Working as the script writer for the comic adaptation of The Legend of Huma was a dream come true. It was the best of worlds for me, combining my love of comic books and the world of Dragonlance. Above all, it was the adaptation of one of my favorite Dragonlance novels.
Richard Knaak weaves us a tale that is mythical in proportion. The Legend of Huma is the “Arthurian legend of Dragonlance”, a classic tale, mythic in proportion, that would last through the ages.
Huma, like many Dragonlance characters, comes from humble origins. A lowly Knight of the Crown who looked towards Bennett as the shining example of what a knight should be, yet he proves that he already knew in his heart what it means to be a knight.
Huma is a man of true honor, a bond that he shares with the unlikeliest of friends – Kaz the minotaur. Through their travels, Huma teaches Kaz lessons that would change his life forever.
Huma’s legend also centers around the wizard Magius, a Wizard of High Sorcery of great power and potential who fears a vision of the future in which he dies. Magius undergoes many changes throughout the novel, eventually conquering his inner demons, even at the cost of his life.
The last of Huma’s companions is Gwyneth, secretly known as the Silver Dragon, or Heart. Her part in the story is perhaps the most tragic, as she and Huma love one another, yet must sacrifice it to banish evil.
Their adventures and fight against the forces of Takhisis, including the renegade wizard Galan Dracos and his general, Crynus, truly is what legends are made of.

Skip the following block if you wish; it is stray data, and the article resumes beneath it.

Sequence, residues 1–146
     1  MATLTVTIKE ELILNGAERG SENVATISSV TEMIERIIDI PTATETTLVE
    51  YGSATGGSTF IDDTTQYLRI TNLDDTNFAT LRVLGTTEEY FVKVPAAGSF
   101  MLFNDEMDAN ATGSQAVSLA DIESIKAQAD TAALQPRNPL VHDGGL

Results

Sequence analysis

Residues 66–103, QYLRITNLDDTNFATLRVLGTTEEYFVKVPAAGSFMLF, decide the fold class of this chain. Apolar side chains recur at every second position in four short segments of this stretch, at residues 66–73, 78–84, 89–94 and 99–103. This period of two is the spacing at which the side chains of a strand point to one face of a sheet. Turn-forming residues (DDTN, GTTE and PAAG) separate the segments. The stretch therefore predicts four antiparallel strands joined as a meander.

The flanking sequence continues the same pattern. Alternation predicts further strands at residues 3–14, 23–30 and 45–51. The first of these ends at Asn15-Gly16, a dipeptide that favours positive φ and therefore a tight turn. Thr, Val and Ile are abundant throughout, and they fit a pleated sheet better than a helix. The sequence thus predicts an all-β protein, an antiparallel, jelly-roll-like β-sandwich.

To take what was already a masterpiece and to help bring it into visual reality has been one of the greatest experiences of my life. The Dabel Brothers gave me an opportunity, one that I will always be grateful for, to take this novel that I have such love for and to present it in a medium that I equally love.
Plus, I got to work with a great creative team, one interested in producing the best product that we could. While all those involved all contributed something great, three names really stand out.
Mike S. Miller set down the visual foundation for Huma. His incredible talents shaped Huma into the beautiful series that it was.
Also, I owe a debt of gratitude to Sean J. Jordan who served as mentor, editor, and co-writer. Sean taught me the craft, showed me how to present a novel in comic book fashion, and overall made me into a better writer.
And, of course, Richard Knaak, who was always there when I needed him. I know Richard was as excited about this project as I was.
I have many fond memories of my time writing the adaptation. I remember that initial joy when the Dabel Brothers brought me on. Seeing my name on the cover of a comic book right under Richard Knaak’s name was marvelous as well. Above all, I enjoyed working with a great group of friends.
Regrets? I would say my only regret is that we never got to finish the story. I had many scenes in my mind that would appear later in the comic. So perhaps it would be best to leave you with the final scene that never was.
The final scene, as in the book, would be that of Kaz leaving the medallion of faith on the tree branch, and riding off into the horizon. This would have been a splash page, and the first one in the entire series showing a bright blue sky, rather than the constant overcast throughout the series. The ghostly image of Huma smiling would be prominent in the sky, with Gwyneth in human form clinging to his arm, looking lovingly at Huma. Magius would have been a bit more in the background, holding the fabled Staff of Magius, the sun sitting atop the staff as if it were the shining crystal.
Thank you, my friends, for allowing me this opportunity to present to you one of my favorite stories. While I’m saddened that it has come to an end, I’m proud of the work that I’ve done. I hope that all of you enjoyed this journey as much as I have.
I forgot one little detail in that splash page, the final words uttered by Kaz.
“Est Sularus oth Mithas.”
The Legend of Huma